The sudden death of Princess Diana was mourned all over the world, but of course it hit her two sons the hardest. Now 20 years after her passing, Prince William has opened up about the difficult task of laying his mother to rest.
Specifically, the 35-year-old revealed that he felt Diana's presence while walking behind her coffin at her funeral on Sept. 6, 1997.
"It was one of the hardest things I've ever done, that walk," he revealed in a trailer for "Diana, 7 Days," a new BBC documentary that focuses on the week following Diana's death. "It felt she was almost walking along beside us to get us through it."
Prince Harry also recalled the funeral, saying, "I remember people's hands were wet because of the tears that they had just wiped away."
William and Harry were just 15 and 12 years old, respectively, when they lost their mother. At her funeral, the two boys walked alongside their grandfather, the Duke of Edinburgh, their uncle, Earl Spencer, and their father, Prince Charles.
In the ABC documentary "The Story of Diana," Earl Spencer — who is Diana's brother — revealed that he was specifically concerned for Harry at the time because he was so young.
"Harry was this tiny little thing. And I was just so worried, you know, what a trauma for a little chap to walk behind his mum's body," he said. "It's just awful. I tried to stop that happening. But it wasn't going to happen."
William and Harry were staying at Balmoral in Scotland with their grandmother, Queen Elizabeth II, when they heard their mother had died in a car crash in Paris.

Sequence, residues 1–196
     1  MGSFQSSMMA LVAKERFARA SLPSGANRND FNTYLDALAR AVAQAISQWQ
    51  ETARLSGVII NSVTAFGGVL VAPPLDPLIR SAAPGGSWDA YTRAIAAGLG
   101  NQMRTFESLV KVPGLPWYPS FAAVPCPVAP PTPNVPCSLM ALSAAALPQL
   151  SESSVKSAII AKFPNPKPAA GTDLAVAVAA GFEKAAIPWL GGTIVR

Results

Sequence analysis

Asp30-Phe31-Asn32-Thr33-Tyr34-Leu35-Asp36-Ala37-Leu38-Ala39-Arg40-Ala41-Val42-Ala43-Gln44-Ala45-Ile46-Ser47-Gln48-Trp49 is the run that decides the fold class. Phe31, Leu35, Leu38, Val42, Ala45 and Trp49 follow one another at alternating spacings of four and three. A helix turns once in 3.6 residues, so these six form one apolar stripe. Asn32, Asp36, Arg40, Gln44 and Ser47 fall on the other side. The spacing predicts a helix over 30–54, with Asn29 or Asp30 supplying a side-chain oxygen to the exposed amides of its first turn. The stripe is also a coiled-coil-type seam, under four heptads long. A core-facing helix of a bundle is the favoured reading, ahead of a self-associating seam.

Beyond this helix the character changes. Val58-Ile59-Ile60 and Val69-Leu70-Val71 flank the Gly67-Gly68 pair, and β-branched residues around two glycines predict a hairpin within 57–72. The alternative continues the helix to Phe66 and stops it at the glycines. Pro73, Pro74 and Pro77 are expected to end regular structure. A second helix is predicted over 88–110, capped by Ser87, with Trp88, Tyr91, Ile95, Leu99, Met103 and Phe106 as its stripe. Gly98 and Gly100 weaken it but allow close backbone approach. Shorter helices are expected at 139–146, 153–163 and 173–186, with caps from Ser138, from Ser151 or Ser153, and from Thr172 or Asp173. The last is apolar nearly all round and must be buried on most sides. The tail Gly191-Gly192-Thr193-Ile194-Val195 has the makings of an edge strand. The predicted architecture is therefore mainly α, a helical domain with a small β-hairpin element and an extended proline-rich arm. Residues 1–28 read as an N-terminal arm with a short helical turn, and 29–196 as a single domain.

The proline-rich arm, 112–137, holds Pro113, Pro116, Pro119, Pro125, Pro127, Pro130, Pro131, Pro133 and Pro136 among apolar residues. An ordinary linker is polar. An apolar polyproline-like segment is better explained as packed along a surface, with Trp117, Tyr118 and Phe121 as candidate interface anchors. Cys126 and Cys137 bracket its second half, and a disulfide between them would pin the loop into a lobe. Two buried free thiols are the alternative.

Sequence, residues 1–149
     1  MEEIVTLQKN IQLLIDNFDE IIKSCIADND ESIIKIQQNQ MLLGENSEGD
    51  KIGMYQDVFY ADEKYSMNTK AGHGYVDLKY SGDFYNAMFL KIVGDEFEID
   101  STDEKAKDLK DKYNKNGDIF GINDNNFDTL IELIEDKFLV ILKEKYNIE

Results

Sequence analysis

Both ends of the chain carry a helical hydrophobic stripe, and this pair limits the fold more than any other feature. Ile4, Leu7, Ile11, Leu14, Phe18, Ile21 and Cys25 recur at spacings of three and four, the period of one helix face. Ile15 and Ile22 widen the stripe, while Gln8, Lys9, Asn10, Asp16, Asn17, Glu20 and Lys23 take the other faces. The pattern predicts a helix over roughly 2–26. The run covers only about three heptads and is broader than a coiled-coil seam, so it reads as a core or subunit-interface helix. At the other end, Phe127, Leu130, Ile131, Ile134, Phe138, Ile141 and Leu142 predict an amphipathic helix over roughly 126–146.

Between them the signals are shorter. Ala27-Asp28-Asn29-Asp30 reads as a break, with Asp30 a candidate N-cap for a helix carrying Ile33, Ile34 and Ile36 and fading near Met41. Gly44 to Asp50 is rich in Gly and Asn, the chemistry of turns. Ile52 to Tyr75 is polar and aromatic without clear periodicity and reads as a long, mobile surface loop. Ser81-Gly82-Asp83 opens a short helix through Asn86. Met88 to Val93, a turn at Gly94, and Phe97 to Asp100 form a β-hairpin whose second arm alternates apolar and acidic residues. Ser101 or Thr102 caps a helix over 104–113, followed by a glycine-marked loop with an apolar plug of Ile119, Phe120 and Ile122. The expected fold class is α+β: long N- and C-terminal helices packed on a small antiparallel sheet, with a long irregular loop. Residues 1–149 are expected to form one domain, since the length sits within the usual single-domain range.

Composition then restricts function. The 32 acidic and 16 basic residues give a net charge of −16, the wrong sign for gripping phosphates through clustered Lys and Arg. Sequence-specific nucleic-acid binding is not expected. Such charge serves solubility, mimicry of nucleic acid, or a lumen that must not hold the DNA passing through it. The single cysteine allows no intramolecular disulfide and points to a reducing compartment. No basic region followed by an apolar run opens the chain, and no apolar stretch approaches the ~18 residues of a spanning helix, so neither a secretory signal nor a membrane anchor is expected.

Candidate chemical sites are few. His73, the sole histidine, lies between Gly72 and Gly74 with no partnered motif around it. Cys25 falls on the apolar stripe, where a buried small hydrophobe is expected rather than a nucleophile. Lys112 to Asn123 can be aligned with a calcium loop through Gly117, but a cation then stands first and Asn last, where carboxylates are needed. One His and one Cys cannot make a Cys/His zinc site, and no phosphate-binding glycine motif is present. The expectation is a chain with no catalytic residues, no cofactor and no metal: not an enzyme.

"The shock never leaves you," the third-in-line-to-the-throne said earlier this year of discovering the news. "The shock is the biggest thing, and I still feel it 20 years later about my mother."
In the past, both princes have opened up about the loss of their mother. However, the documentary "Diana, 7 Days," which airs on Aug. 27, marks the first time the brothers will speak in-depth about her passing.
I think an element of it is feeling like we let her down when we were younger. We couldn't protect her.
"Part of the reason why Harry and I want to do this is because we feel we owe it to her," Prince William says in the doc, according to EW. "I think an element of it is feeling like we let her down when we were younger. We couldn't protect her. We feel we at least owe her 20 years on to stand up for her name and remind everybody of the character and person that she was. Do our duties as sons in protecting her."
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